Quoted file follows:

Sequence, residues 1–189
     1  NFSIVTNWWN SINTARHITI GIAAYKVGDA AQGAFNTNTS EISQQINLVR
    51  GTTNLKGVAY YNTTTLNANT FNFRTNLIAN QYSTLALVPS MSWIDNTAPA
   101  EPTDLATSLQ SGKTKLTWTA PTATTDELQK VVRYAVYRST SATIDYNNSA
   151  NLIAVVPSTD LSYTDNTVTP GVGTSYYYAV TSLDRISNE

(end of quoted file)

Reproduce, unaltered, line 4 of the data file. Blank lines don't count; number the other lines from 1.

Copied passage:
   101  EPTDLATSLQ SGKTKLTWTA PTATTDELQK VVRYAVYRST SATIDYNNSA